Tony was a real character, one of those men that proved that if you never stopped moving, you will live a long, happy life. Tony lived in a house that faced the Green Bay and had lived in a remote area of Door County since retiring in 1983. His house on the water was the location that both him and his wife loved. Tony's retirement was in name only. He still hunted, every year on their land in the Door. Last summer, he put a new roof on his little one story house. By himself at age 89. Naturally, he asked for no help and told no one he was doing it until long after the job was done. The only reason we even found out that Tony was roofing was when one of the neighbors ratted him out to Jobu when he went up to visit.
Tony was a farmer, construction worker, and all around handyman. Any material, any time, anywhere the man could work with it. The years of laboring outside had roughened his skin and hands but had never dimmed the bright, gentle personality that made Tony such a favorite amongst me and my friends. Last year, when Jobu was having his 20th Anniversary party, Tony took the time to speak to everyone. The old man was so clearly enjoying himself amongst us, people forty years his junior. We all sought him out for a conversation in his seat near the house in the shade. Tony even sampled the English Brown Ale homebrew I brought to the party and declared it good. Tony liked to tell jokes and occasionally a story. His humor was light, enjoyable and he always told his jokes with a special twinkle in his eye.
I think that particular spark was what I liked so much about Tony. To be sure, Tony had faced problems and adversity in his life. One of his sons was killed in a tragic accident at a young age, his much younger wife had preceded him in death as had many of his sisters and a brother. Yet through it all, through all the years of hard farm and construction labor, Tony never lost hope or his spark. Even through the short illness that eventually claimed his life, Tony was optimistic, flirting with his nurses.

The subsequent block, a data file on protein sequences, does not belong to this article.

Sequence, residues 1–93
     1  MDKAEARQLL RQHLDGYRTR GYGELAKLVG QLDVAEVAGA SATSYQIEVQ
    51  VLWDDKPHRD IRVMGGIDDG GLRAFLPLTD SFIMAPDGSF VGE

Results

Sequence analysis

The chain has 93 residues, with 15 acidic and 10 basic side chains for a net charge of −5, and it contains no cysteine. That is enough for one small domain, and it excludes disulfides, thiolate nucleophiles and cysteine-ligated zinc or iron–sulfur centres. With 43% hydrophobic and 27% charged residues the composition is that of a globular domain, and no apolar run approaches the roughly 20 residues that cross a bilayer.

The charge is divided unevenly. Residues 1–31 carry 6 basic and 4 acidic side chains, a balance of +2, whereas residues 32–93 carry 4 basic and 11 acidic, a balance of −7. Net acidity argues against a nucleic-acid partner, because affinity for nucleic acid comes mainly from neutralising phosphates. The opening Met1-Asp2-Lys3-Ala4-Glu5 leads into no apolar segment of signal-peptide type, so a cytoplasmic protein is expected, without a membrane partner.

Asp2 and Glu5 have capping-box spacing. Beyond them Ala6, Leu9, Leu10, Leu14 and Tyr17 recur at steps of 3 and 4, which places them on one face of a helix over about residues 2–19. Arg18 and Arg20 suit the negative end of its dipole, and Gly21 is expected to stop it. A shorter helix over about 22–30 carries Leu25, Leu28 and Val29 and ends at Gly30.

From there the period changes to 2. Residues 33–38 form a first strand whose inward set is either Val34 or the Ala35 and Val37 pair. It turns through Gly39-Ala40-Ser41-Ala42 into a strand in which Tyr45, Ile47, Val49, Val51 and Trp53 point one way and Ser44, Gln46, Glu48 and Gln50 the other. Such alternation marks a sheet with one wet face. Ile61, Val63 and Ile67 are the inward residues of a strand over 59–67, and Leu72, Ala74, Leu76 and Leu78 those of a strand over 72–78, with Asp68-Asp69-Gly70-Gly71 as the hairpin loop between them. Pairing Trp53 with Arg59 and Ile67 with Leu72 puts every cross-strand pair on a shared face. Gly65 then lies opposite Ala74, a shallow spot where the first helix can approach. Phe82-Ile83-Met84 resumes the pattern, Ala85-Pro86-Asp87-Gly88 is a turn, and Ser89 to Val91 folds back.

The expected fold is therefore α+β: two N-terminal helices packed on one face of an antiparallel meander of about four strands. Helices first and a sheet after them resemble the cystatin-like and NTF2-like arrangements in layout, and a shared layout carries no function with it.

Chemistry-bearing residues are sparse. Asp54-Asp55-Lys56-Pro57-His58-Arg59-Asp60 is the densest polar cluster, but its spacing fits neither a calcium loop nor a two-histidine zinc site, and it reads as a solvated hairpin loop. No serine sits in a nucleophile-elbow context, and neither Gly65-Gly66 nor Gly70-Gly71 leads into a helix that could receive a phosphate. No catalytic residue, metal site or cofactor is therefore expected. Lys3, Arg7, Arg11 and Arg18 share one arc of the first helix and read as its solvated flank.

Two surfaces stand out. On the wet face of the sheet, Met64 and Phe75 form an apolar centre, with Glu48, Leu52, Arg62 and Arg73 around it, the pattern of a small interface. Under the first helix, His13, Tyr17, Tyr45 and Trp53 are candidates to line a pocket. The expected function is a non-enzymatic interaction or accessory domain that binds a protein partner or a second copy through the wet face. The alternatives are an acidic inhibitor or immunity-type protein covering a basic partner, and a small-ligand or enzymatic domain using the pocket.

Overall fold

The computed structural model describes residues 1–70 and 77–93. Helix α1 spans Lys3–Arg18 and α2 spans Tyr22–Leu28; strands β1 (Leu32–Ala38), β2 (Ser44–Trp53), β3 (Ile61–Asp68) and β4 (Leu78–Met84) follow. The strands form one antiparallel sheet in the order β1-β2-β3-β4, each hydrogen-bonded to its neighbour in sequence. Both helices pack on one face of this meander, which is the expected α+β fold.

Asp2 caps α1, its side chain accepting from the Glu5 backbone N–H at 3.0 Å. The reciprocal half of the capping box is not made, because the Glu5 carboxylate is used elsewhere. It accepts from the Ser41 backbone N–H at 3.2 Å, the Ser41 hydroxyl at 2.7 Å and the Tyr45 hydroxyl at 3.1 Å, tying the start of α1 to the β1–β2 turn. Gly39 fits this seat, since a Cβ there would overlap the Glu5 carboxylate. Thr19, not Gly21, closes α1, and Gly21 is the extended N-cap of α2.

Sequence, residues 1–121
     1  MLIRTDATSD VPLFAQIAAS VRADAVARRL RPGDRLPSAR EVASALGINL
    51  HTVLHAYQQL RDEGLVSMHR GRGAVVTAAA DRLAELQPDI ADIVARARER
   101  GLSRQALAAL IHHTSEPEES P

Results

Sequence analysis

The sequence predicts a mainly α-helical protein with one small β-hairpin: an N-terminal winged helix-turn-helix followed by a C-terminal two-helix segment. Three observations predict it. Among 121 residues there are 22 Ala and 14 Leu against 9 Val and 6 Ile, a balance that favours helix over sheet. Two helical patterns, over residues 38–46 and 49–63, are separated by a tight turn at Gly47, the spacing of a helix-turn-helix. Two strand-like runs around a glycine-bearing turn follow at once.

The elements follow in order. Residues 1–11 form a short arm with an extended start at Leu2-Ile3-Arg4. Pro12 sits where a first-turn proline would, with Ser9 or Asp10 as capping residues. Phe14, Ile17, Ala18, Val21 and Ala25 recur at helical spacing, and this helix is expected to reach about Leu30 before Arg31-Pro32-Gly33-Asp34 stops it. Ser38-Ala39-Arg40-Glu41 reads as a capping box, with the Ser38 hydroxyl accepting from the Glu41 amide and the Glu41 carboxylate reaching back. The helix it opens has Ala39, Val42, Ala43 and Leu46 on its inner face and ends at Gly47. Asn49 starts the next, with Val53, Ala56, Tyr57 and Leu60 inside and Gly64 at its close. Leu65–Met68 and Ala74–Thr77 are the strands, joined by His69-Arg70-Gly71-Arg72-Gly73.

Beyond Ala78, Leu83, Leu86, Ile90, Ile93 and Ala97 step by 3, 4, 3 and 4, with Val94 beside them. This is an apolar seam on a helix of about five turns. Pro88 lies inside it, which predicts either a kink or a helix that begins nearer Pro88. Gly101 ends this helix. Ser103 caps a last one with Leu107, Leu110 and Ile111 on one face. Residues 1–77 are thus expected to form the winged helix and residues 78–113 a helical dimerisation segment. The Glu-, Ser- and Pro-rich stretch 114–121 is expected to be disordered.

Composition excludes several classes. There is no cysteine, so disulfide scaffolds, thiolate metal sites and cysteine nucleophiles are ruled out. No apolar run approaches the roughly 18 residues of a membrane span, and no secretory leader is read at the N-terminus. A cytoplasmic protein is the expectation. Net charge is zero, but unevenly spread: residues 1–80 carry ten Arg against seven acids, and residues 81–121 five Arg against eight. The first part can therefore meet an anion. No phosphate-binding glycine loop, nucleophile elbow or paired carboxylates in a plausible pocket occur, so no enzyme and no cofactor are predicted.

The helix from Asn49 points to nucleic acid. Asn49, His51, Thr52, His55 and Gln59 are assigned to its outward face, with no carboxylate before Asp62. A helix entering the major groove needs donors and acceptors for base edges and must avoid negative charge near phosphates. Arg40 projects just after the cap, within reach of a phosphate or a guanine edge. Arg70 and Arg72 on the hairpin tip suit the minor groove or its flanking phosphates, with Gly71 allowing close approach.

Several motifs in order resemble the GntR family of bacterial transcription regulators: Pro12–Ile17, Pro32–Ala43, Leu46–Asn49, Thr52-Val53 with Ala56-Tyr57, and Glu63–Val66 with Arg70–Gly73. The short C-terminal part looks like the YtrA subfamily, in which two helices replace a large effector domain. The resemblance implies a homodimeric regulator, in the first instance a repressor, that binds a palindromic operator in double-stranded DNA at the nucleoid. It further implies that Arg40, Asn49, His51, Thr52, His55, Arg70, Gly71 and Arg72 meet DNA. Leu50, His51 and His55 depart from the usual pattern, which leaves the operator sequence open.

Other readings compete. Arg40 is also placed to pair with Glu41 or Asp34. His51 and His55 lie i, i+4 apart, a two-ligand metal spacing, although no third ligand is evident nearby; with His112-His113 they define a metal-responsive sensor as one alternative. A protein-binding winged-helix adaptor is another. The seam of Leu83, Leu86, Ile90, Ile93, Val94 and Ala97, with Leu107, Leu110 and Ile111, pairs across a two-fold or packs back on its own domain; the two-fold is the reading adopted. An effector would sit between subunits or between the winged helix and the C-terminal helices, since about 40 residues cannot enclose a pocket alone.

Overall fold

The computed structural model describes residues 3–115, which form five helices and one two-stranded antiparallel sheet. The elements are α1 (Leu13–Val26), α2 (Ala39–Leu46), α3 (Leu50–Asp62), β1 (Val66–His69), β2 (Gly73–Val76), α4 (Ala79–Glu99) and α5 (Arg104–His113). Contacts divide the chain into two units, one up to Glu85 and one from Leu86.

One of the best stories I have about Tony was during deer hunting in about 2003. I'm not a hunter, but I don't object when others hunt. It was mid-week and Jobu called me up. He asked if I had time to go up to Tony's with him. Tony had dropped a buck, but it was too far in the woods and too big for him to drag it back. Tony had open heart surgery about month to a month and a half earlier. I agreed and Jobu picked me up. We got to Tony's Bay house and hiked out into the woods. 180lbs buck lay dead, Tony had already gutted it and tied a rope to it to drag it back to the house. Jobu and I grabbed the rope and began to haul.
Now, at this point in my life, I had just learned about my anemia. It had been getting better but I was still pretty anemic. This translates into getting winded very fast. Jobu, for his part is a medical wreck. He's had two hernia surgeries, two back surgeries, and his neck wasn't the best. Our progress was slow and involved a lot of panting. At one point, where we stopped for a break Tony looked at the two of us, Jobu holding his back and me panting like a bellows and remarked that we were quite a trio with a grin. Between my inability to catch my breath and Jobu's back, Tony ended up pulling the deer every so often too. Frankly, the 80+ year old Tony, fresh out of heart surgery did better than either Jobu or I. Tony chucked about it and gently ribbed us the entire way back. The whole time, he had that little grin. Not mocking, but a grin that saw the humor of men in their 30s being outperformed by an octogenarian. A grin that let us in on the joke, that shared it with us.
Tony was a good man, a kind man, and one I am proud to have known. He will be missed. When next you find a drink in your hands, raise it up for Tony.
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